NEW YORK (JTA) — Reading and watching the news about the devastating forest fire in Israel, I found myself profoundly confused: There were so many reversals, so much was wrong with the picture.
We are used to thinking of Israel as being so adept, so professional at looking after its citizens — but the country looked so powerless in the past week. We take pride in the fact that all over the world, when a natural disaster strikes it is Israel to the rescue. Here, however, we saw an Israel struggling to cope and reliant on the outside world.
Moreover, there was the irony, the bitter irony of Chanukah — the days that are supposed to be so joyous and happy, especially in Israel, of seeing the sky lit up at the beginning of "Chag ha’urim," the festival of lights, not by menorahs but by an awful conflagration.
Other than reciting prayers and performing acts of generosity, the traditional Jewish response, there was not much we could say or do.
But in following the media over the past few days, I found myself angry about one type of reaction that is deeply wrong — our need to judge, to blame, to explain tragedy, especially in a way that confirms our own prejudices and worldviews.
Last week I was giving a class about praying for rain when a participant responded that if the Israeli government cared more about Eretz Yisrael, the Land of Israel, then God would make it rain more.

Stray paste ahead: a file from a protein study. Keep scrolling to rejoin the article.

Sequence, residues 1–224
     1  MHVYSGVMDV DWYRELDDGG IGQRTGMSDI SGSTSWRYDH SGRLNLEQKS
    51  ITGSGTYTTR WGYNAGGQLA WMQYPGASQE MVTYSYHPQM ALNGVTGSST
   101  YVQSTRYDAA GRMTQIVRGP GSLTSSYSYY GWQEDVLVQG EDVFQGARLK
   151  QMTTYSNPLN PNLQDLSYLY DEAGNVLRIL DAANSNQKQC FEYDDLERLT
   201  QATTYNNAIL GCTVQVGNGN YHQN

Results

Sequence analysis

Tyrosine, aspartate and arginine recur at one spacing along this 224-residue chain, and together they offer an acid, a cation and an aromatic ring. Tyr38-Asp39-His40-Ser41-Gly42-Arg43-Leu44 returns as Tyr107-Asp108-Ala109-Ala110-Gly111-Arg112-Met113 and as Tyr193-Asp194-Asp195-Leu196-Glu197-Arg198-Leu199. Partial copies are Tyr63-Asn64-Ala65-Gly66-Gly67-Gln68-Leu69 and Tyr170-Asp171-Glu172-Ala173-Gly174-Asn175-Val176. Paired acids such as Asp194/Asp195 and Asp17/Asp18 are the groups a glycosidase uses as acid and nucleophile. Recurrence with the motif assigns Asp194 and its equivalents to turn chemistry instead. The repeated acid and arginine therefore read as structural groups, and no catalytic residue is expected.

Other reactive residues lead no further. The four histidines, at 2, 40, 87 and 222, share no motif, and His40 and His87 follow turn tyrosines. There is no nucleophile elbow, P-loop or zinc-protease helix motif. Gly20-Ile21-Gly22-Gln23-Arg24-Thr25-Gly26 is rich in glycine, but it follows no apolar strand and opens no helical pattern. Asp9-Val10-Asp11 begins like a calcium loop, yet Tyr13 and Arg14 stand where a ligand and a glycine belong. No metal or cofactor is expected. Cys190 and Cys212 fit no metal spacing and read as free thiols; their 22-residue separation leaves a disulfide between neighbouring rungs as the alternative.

In looking at some online comments about the fire, I saw the same thing: From some anti-Israel critics — Israel burns Palestinian villages, now their own kibbutzim are being burned; and from Chasidic Jews — the Israeli government destroys the graves of tzaddikim, now their employees are burned to ashes.
Jewish tradition indeed teaches that we are supposed to respond to tragedy and ask ourselves why things happen. Moses Maimonides, the medieval rabbinic giant known as the Rambam, wrote that when disaster strikes it is forbidden to treat the calamity as an act of nature, a coincidence, just one of those things. Indeed, all comes from God, and it is a cause for teshuvah, or repentance.
That is exactly why I found the above responses so objectionable. Yes, they invoked God, but they were the opposite of piety — and of teshuvah.
These people are using the tragedy to say “I am right, and God agrees with me and is on my side.” At the heart of seeing the universe this way is a profound arrogance — the belief that it is never my view or my deeds that are being rebuked but always others.
In fact, from the perspective of the Rambam, tragedy is a time that demands humility. The proper response is to say, “Perhaps this is my fault. What have I/we been doing wrong?” — not to talk about what others have been doing wrong.
Chanukah is, in the words of the great rabbis, a season in which we are obligated "l’hodot ulihallel," to thank and praise. But lhodot means more than to thank — it means to acknowledge, and "vidui," to confess — to recognize not the shortcomings of others but our own.
To be clear, I do not say for a moment that this terrible fire, or other catastrophes, are punishments. But when disaster happens, the proper Jewish response is introspection — not asking what should others do but what should I do. We have to respond with a clear, honest, fearless introspection of what we can do to be better people and better Jews.
(Rabbi Shaul Robinson is the spiritual leader at Lincoln Square Synagogue in New York.)